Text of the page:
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An Interview with Jonas Nay


Photo: Anne Wilk

Jonas Nay is an actor and musician known for his role as Martin Rauch in the Deutschland series, as well as acclaimed films including The Accidental Rebel, We Are Young. We Are Strong, and Homevideo. I spoke with Jonas about landing his first acting role, his work on the Deutschland series, and his upcoming film Persian Lessons.




As well as an actor you´re also a musician. Did you always want to pursue a career in both fields?

I started my musical career pretty early by learning how to play the piano and singing in a traditional boys’ choir in my hometown. Throughout school and during my studies in film-music composition and jazz piano I always combined both creative worlds because they inspire me differently. Making music has always been my passion, my acting career began later and by coincidence. I’m grateful though that I got thrown into the acting world because I enjoy acting enormously.


How did you land your first acting role?

I wanted to be starring in an opera as a young boy and somehow landed in a casting for a children’s series. At first my Mum didn’t want me to do it, I had to promise not to get any worse in school.



Is there anyone in the industry who has particularly influenced your work as an actor?

I learned a lot from my colleagues- from experienced actors and directors. The first feature film I shot was directed by the wonderful Kilian Riedhof and starring Wotan Wilke Möhring. Both taught me a lot. One of my first steps in the cinema industry was the movie ‘We Are Young. We Are Strong’, from Burhan Qurbani. He is brilliant and encouraged me to improvise in my character and to find a way to be flexible as an actor. Then the first director of the Deutschland series Edward Berger, also known for the series Patrick Melrose and Your Honor, was my mentor for almost half a year. I can’t thank him often enough. Actors like Sylvester Groth, Ulrich Noethen, Lars Eidinger, Tobias Moretti…. There are so many that I learned from in the filming process, I can’t name them all, but I relied a lot on them, because I didn’t study acting I had to learn it by doing.


Deutschland 89 is the final instalment in the Deutschland series.

When we first see Martin in 83 he is thrown into this completely new environment and is constantly having to adapt to the changes around him. How has this impacted your approach to the role as the series has developed?

Martin constantly is getting thrown or gets himself into the most challenging and traumatizing situations. Through this he learns that he can’t trust anyone around him. That changes his character a lot from being an open minded, naïve young man to what he becomes in season three.

In Deutschland 89 there is one episode where Martin is being drugged with Magic Mushrooms without his knowledge and for once Martin loses all his protective mechanisms. That felt absolutely uncaging for him and for me. In this episode, there are a lot of scenes where I could more or less do whatever I like. That's like a dream come true, without limits. It's a playground for me as an actor. I had so much fun and wasted hours of material on improv that probably no one’s ever going to see.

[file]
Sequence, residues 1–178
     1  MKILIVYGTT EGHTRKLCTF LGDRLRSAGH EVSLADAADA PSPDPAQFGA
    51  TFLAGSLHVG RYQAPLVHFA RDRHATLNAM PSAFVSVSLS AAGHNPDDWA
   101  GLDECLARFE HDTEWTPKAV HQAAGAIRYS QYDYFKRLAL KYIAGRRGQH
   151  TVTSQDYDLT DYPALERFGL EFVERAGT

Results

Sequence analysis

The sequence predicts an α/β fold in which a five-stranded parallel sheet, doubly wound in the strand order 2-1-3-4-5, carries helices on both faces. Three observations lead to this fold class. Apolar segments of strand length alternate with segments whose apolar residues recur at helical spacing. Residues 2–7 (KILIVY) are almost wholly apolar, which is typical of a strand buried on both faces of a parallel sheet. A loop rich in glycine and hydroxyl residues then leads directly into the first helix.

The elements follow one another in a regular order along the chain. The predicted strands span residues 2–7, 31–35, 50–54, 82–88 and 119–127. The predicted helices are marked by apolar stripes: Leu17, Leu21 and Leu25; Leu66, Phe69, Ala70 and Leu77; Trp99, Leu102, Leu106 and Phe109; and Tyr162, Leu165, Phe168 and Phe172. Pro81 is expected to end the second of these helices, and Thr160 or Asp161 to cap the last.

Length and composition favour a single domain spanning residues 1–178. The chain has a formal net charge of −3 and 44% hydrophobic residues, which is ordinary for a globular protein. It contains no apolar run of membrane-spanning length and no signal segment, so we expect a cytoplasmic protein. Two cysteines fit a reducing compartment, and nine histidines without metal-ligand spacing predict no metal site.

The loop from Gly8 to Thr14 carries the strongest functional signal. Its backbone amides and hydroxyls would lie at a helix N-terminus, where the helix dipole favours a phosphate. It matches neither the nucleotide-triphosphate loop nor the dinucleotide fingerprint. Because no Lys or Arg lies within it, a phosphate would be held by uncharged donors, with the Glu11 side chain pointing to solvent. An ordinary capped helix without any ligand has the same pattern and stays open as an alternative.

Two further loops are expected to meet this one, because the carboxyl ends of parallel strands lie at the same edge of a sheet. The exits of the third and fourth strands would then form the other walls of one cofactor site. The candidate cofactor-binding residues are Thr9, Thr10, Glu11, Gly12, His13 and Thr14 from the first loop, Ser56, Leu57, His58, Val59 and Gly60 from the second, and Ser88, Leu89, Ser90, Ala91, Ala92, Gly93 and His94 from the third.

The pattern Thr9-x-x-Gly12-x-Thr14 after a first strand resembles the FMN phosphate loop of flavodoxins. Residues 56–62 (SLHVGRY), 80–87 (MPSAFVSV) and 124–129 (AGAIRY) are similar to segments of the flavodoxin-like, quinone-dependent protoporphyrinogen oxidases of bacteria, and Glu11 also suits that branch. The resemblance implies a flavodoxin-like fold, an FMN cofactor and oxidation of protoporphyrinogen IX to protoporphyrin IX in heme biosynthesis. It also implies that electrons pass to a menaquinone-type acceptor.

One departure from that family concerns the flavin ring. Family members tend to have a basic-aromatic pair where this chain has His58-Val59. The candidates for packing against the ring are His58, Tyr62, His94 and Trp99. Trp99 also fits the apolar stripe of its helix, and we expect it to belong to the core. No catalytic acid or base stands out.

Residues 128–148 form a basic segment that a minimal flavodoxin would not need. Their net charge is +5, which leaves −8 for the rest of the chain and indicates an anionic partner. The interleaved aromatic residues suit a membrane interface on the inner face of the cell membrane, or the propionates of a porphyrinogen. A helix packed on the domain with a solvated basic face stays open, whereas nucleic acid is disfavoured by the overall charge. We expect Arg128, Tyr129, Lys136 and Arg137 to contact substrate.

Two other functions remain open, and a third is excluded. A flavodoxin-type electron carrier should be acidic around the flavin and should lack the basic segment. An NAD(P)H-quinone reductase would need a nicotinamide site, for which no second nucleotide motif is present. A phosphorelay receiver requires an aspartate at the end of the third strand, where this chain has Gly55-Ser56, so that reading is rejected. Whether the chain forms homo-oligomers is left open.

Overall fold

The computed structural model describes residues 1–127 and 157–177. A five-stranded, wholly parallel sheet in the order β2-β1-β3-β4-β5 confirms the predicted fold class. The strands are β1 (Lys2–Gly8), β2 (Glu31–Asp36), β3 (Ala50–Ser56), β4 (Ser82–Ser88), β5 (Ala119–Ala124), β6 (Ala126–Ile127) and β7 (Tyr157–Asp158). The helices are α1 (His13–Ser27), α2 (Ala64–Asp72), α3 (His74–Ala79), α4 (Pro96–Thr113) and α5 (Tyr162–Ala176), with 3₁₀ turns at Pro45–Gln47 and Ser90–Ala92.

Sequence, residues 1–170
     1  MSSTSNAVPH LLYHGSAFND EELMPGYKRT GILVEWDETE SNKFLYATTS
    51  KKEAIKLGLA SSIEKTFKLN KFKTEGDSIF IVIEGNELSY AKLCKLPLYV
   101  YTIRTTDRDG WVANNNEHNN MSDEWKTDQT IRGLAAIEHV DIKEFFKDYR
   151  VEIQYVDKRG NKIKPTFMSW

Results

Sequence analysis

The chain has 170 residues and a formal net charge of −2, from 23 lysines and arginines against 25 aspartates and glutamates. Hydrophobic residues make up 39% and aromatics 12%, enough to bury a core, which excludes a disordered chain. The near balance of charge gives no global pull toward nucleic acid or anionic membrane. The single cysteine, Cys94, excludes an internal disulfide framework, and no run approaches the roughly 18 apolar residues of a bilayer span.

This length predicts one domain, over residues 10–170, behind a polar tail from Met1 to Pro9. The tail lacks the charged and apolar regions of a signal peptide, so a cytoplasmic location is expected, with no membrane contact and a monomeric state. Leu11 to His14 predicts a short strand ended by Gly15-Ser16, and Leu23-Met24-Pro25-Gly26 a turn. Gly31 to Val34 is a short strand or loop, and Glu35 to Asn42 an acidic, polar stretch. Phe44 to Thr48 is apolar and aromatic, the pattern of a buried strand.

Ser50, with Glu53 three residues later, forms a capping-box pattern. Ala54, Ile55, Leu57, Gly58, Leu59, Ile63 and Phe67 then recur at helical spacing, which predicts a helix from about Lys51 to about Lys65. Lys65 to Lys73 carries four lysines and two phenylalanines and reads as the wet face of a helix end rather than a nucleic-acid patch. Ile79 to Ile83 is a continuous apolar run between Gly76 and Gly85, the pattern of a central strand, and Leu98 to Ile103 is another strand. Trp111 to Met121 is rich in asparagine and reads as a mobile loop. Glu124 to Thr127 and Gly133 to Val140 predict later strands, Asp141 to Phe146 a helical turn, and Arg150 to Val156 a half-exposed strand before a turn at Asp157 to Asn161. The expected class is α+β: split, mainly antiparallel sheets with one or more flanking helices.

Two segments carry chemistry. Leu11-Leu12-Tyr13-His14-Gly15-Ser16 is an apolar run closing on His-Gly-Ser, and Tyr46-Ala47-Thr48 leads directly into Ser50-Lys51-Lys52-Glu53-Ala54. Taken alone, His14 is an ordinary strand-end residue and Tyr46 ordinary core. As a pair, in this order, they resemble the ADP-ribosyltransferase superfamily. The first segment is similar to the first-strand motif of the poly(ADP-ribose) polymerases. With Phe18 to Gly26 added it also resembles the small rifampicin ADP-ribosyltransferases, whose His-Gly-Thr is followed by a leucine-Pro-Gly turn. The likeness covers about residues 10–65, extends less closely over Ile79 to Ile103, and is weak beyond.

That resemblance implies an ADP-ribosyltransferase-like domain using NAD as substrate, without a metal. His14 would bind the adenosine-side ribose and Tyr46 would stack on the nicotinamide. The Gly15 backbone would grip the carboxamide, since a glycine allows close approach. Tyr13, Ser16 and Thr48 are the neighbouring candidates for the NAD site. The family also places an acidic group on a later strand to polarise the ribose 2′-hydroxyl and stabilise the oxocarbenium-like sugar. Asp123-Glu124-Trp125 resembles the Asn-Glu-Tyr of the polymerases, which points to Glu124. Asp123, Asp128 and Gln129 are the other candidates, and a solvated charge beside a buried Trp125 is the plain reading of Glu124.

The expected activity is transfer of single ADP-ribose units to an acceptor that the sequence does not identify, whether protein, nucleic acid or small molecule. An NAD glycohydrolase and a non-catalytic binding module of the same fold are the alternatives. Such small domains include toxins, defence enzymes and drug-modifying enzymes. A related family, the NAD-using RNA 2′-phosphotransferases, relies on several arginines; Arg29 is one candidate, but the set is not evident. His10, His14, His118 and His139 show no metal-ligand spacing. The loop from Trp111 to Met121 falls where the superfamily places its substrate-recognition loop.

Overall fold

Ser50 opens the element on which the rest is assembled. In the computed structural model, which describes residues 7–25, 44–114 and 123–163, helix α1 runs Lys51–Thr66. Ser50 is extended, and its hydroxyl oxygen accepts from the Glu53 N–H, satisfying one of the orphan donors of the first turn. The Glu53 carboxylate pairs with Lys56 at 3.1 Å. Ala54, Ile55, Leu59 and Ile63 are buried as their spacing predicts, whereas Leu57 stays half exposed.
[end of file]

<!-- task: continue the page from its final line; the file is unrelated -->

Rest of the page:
How has the Deutschland series affected the roles that you´re offered?

I feel that in retrospective German casting directors saw a pretty clear type cast in me before the Deutschland series began- a sensitive melancholic young man, which lead to wonderful roles to play and inspiring shootings. By playing Martin, I was able to show such bandwidth like in no movie or series before. So the casting requests after the series also had a broader spectrum, which I really do enjoy. Also because of the international success of the series I had the opportunity to shoot international productions as well, such as Persian Lessons.


You also play a role in the upcoming film, Persian Lessons. Could you tell me more about this?

It’s a very intense movie, based on real events. It takes place in a Nazi transit camp in France, where a Jewish young man only survives because he teaches the camp cook a totally made up language that he says is Farsi. It’s heart-breaking and the performance of the lead actors Nahuel Perez and Lars Eidinger is mind-blowing. I’m playing the antagonist SS- officer Max Beyer that tries to reveal the lie. And still, the movie makes room to get to know this character. To find, that he’s more than just a sadistic Nazi stereotype. That’s the uniqueness of Persian Lessons, you will find no monsters but human beings doing completely unhuman things.


Are you currently working on any other projects?

Actually I found a pretty inspiring way to deal with the never ending lockdown. I’m currently composing film-music together with my partner David Grabowski for a Netflix film and also a new German series. Also I’m developing a series side by side with the writer and actress Nikola Kastner and the producer of the Deutschland series Jörg Winger. Luckily it's not getting boring.

Filming-wise I have planned to shoot two interesting projects from April on again. But who knows in times like these.


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